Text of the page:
Rick Porcello (4.00 ERA, 1.16 WHIP in final 14 starts after a mid-June demotion to the minors), Edinson Volquez (9.46 K's per nine in last full season in 2008, 9.62 K's per nine in 12-start late-season stint in 2010), Jordan Zimmermann (first full season back from Tommy John surgery)

Streaming specials

No matter your opinion of the "streaming starters" strategy -- one that dictates that you sign a bunch of starting pitchers scheduled to pitch on a given date, only to replace them with a fresh set slated to work the following day (and so on) -- it's a tried-and-true one in many daily formats. Success in those formats often requires knowledge of individual pitchers' matchup tendencies, and the lists below highlight some of the 2010 season's most attractive options.

Home cookin': Pitchers who tend to perform at their best in home games; statistics are from 2010, unless otherwise noted:

Wade LeBlanc: 2.71 ERA, 1.32 WHIP in 13 GS
Mike Pelfrey: 10 W, 2.83 ERA, 1.27 WHIP in 19 GS
Joel Pineiro: 7 W, 2.18 ERA, 1.04 WHIP in 13 GS
Clayton Richard: 6 W, 3.15 ERA, 1.22 WHIP in 17 GS
Jason Vargas: 7 W, 2.86 ERA, 1.20 WHIP in 16 GS
Barry Zito: 7 W, 3.35 ERA, 1.29 WHIP in 18 G (17 GS)

Road warriors: Pitchers who typically perform better on the road than at home, often due to their home ballpark being a hitter-friendly venue. Again, statistics are from 2010, unless otherwise noted:

Bronson Arroyo: 10 W, 3.76 ERA, 1.10 WHIP in 18 GS
Homer Bailey: 3.95 ERA, 1.26 WHIP in 9 GS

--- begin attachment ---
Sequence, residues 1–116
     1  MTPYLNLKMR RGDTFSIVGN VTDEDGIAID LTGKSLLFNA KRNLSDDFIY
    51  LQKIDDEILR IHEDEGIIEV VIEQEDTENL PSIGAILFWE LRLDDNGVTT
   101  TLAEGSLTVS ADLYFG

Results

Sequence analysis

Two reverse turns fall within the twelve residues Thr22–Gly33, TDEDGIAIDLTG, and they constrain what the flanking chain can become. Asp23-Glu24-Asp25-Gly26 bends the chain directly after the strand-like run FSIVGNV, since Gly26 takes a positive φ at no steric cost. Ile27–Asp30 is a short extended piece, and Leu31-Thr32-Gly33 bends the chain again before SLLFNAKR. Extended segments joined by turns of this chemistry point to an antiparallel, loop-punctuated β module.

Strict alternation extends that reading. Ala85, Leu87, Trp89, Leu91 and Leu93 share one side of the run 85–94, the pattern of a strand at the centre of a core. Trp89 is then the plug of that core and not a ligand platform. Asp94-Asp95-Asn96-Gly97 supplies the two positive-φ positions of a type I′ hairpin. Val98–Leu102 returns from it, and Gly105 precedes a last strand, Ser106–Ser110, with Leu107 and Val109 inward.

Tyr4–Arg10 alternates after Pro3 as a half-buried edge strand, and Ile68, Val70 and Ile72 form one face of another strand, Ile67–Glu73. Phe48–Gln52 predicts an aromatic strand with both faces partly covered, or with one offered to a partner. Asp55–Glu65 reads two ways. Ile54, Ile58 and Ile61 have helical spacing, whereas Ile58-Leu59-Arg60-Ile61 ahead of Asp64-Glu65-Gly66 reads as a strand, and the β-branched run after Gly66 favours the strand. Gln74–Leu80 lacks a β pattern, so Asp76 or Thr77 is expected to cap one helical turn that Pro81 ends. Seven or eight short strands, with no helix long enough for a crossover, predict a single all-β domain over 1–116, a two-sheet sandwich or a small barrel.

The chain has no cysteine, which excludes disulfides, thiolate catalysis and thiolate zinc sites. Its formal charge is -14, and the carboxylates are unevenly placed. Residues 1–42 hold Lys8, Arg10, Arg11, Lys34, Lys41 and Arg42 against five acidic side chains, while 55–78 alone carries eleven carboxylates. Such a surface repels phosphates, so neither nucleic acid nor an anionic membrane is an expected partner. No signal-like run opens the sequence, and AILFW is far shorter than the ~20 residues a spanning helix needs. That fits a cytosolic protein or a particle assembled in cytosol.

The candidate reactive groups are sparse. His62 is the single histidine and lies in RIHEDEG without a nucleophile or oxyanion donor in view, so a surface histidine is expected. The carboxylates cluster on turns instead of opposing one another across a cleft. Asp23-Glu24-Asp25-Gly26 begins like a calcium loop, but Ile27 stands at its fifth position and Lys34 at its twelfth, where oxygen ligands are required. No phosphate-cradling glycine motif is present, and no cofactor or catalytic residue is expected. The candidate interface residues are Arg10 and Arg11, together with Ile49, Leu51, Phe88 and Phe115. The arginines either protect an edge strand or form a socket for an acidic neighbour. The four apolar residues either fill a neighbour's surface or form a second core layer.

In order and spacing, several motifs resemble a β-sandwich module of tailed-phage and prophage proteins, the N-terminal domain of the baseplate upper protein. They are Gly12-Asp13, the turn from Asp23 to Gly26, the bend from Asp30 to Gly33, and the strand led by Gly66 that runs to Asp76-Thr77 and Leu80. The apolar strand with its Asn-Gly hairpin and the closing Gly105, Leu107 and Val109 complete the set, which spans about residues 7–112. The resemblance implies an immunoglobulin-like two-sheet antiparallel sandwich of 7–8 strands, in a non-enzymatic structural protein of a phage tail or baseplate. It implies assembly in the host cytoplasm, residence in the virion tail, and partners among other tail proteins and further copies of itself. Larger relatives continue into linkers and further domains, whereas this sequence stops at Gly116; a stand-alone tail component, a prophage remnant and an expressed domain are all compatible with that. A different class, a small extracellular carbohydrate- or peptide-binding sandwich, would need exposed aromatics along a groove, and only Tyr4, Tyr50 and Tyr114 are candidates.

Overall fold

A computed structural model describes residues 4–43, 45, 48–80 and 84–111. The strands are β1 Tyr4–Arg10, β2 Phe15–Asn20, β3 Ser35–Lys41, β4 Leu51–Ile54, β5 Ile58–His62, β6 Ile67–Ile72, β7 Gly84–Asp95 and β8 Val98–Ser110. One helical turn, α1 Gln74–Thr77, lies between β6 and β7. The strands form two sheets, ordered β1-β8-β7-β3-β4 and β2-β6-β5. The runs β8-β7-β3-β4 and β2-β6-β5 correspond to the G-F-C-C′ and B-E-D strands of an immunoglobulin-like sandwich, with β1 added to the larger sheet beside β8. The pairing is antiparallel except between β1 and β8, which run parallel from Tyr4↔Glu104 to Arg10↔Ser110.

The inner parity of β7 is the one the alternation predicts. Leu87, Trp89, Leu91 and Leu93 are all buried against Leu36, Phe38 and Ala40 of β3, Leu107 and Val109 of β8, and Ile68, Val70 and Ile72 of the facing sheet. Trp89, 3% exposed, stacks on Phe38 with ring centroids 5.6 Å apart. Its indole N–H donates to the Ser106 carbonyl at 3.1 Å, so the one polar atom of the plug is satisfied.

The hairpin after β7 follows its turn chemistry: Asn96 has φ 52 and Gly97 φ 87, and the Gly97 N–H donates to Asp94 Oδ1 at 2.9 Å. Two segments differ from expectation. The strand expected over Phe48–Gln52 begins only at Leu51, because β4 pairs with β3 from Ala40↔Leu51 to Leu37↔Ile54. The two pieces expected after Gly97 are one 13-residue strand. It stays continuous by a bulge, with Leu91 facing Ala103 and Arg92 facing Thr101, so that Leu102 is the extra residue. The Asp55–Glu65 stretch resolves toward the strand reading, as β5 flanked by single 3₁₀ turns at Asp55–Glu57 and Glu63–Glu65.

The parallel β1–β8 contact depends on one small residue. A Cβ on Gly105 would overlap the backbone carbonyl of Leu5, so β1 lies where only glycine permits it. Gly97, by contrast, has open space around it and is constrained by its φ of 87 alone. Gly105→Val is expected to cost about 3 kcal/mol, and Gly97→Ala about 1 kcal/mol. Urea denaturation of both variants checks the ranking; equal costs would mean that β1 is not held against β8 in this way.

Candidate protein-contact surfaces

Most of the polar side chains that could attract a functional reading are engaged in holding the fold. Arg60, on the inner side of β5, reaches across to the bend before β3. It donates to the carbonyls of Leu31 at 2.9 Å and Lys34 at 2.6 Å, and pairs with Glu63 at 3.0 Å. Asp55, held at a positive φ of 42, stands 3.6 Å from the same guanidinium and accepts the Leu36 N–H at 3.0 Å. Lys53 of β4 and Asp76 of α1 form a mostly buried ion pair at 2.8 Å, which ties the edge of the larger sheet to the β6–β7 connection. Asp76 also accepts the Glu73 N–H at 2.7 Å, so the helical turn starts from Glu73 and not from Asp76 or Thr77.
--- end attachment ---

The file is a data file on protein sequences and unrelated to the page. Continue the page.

Fausto Carmona: 7 W, 3.61 ERA, 1.28 WHIP in 14 GS
Brett Cecil: 8 W, 4.06 ERA, 1.30 WHIP in 16 GS

Bullies the bad: Pitchers who capitalized upon facing the 10 worst offensive teams (as judged by runs per game) in 2010. Statistics are only against offenses from those groups last season, and these pitchers might be worth a try facing particularly bad opponents.

A.J. Burnett: 3.56 ERA, 1.30 WHIP in 11 GS
Edwin Jackson: 3.25 ERA, 1.22 WHIP in 12 GS
Derek Lowe: 2.79 ERA, 1.21 WHIP in 14 GS
Jeff Niemann: 3.18 ERA, 1.18 WHIP in 9 GS
Jonathon Niese: 2.75 ERA, 1.04 WHIP in 6 GS
Carl Pavano: 2.05 ERA, 1.04 WHIP in 8 GS

Bottom line

Feel free to shuffle somewhat the tier breakdowns listed above; I know with my personal rankings, I typically classify pitchers in groups and will make changes based on my personal preferences. Remember, things can change quickly with starting pitchers, especially those buried deeper in the rankings, so if you have a strong gut instinct about a player, feel free to move him up or down a group or two. Another strategy to consider: Determine which tiers are most appealing to you. Maybe none of the top 10 starters in our rankings interests you, but you see three to five pitchers ranked from 11th to 20th that you'd love to get. Such a fantasy owner might opt to draft only hitters for the first few rounds, then take three of those pitchers in consecutive rounds to anchor his/her staff. Such a plan helps you determine a course of attack, a critical thing to have entering a draft or auction.

That's especially so in this age of pitching rebirth. Remember a decade ago, when you'd never, ever pick more than one or two starting pitchers in your first 10 rounds, or spend more than a third of your auction budget on pitching? That's no longer a slam-dunk strategy, so careful preparation is more critical today than it has been in the past.

You don't want the game's rapidly shifting trends to leave you behind.

Tristan H. Cockcroft is a fantasy baseball analyst for ESPN.com and a two-time champion of the League of Alternative Baseball Reality (LABR) experts league. You can e-mail him here, or follow him on Twitter @SultanofStat.